The prime minister stressed that he “deplores” trade wars and vowed to press ahead with his manifesto commitment to a digital services tax, insisting online companies “need to make a fairer contribution”.
Trump’s administration has threatened to impose 100% tariffs on up to $2.4bn (£1.85bn) worth of French goods, including Champagne, arguing that Paris’s proposed digital services tax discriminates against tech giants.
The US has also warned Italy, Austria and Turkey, which have all introduced similar digital services taxes, that they could face action, according to the Financial Times.
But on the election campaign trail in Salisbury, Johnson said: “Obviously I deplore – I don’t think trade wars are a good thing.
“One of the things the UK is going to do is campaign for – when we take back control of our tariffs, which we will on January 31, I hope, I know – we will campaign for freer trade and make sure we will open up markets around the world for British goods and services.
“That’s one of the objectives of our government.
“On the digital services tax, I do think we need to look at the operation of the big digital companies and the huge revenues they have in this country and the amount of tax that they pay.
“We need to sort that out.
“They need to make a fairer contribution.”
It comes as the prime minister and Trump prepare to hold separate press conferences at the Nato summit in Watford on Wednesday.
Johnson has unusually decided not to have a bilateral meeting with Trump, amid fears that the unpopular president could derail his general election campaign.
The president on Tuesday vowed to “stay out” of the election because he does not want to “complicate it”.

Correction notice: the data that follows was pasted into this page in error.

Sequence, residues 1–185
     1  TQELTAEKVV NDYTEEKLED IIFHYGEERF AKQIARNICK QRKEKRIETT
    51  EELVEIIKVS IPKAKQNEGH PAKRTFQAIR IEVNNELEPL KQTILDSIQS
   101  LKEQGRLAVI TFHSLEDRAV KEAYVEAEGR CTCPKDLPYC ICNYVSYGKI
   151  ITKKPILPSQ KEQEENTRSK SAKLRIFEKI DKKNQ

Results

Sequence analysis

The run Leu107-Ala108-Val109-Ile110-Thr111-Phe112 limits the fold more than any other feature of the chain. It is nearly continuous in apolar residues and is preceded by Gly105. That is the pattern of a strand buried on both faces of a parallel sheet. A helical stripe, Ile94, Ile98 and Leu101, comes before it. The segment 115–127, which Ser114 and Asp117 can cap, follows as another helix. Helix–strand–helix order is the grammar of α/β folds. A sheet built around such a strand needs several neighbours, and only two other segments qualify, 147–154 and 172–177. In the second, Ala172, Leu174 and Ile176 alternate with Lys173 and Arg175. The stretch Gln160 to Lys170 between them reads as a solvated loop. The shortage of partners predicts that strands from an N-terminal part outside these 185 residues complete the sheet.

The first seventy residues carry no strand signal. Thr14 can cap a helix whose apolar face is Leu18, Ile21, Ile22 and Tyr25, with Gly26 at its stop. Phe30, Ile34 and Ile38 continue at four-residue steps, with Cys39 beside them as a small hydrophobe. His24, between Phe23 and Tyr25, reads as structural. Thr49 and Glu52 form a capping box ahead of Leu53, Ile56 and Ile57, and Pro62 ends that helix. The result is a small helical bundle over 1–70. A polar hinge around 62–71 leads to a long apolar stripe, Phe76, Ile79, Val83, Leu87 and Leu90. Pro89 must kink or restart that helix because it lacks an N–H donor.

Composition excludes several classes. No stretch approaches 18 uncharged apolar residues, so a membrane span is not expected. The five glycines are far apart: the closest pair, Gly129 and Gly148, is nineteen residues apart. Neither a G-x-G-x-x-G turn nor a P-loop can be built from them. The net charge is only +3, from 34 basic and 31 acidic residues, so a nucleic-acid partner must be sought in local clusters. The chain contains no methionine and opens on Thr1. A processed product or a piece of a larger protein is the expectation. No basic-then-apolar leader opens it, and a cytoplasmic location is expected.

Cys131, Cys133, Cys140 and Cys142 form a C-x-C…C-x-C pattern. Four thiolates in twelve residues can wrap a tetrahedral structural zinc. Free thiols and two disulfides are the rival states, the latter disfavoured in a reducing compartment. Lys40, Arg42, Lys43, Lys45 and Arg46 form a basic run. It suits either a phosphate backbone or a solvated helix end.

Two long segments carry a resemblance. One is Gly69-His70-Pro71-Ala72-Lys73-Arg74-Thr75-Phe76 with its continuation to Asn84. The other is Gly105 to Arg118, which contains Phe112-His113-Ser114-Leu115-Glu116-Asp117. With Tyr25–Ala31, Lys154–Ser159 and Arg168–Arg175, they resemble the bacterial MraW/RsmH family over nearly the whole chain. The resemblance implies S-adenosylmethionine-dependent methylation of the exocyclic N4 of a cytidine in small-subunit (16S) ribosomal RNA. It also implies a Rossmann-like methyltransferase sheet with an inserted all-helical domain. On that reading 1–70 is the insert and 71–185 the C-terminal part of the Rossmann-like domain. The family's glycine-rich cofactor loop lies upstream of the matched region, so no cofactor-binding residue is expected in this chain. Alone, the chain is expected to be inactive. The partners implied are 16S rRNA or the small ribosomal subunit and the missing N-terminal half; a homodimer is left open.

But his press conference could still be risky for Johnson given Trump’s tendency to go off script and Jeremy Corbyn’s attempts to goad him into an outburst.
Johnson’s criticism of Trump’s protectionism, which has also included a trade war with China, could add to the sense of danger for the Tories.
Meanwhile, Johnson announced plans to ensure big public venues are compelled by law to ramp up security in the face of the terror threat.
The family of Martyn Hett, a victim of the 2017 Manchester attack, has been campaigning to ensure major venues assess the threat of a terrorist attack and take steps to prepare as part of their health and safety strategy.
Announcing plans to introduce “Martyn’s law” either under new or existing legislation, the PM said: “The nature of threats faced by British citizens has changed in the evolution of modern extremism.
“It is no longer sufficient for public venues to prepare for accidental threats like fire. They need to reduce their vulnerability to people who seek to perpetrate violent acts too.
“We must not let the terrorists alter our way of life. In our open and tolerant society, the freedom for citizens to enjoy markets, concerts, gigs and restaurants must continue as before.
“But there are steps we can and will take to make public spaces as secure as possible.”
Figen Murray, Martyn Hett’s mother, said: “When Martyn died I promised both myself and him that I would do everything in my power to stop other families going through what we were.
“Today is a real breakthrough in those efforts and I thank the Prime Minister for responding in the way he has. Martyn’s law won’t stop terrorism - nothing can - but it will make it harder to commit. It’s the sort of common sense law that most people would think already existed. Thank you to everyone who has supported the campaign and to all of my fellow survivors at Survivors Against Terror for your help in making it happen.”
Charlotte Dixon-Sutcliffe, whose partner David was killed in the Brussels metro bombing, and is chair of Survivors Against Terror, said: “We strongly welcome the commitment of the prime minister to support Martyn’s Law and the survivor’s charter.
“Combined these two policies will make our country safer and provide the sort of support to survivors that the British public would expect. We also welcome today’s commitment from the Labour Party to support the charter.”
This article originally appeared on HuffPost.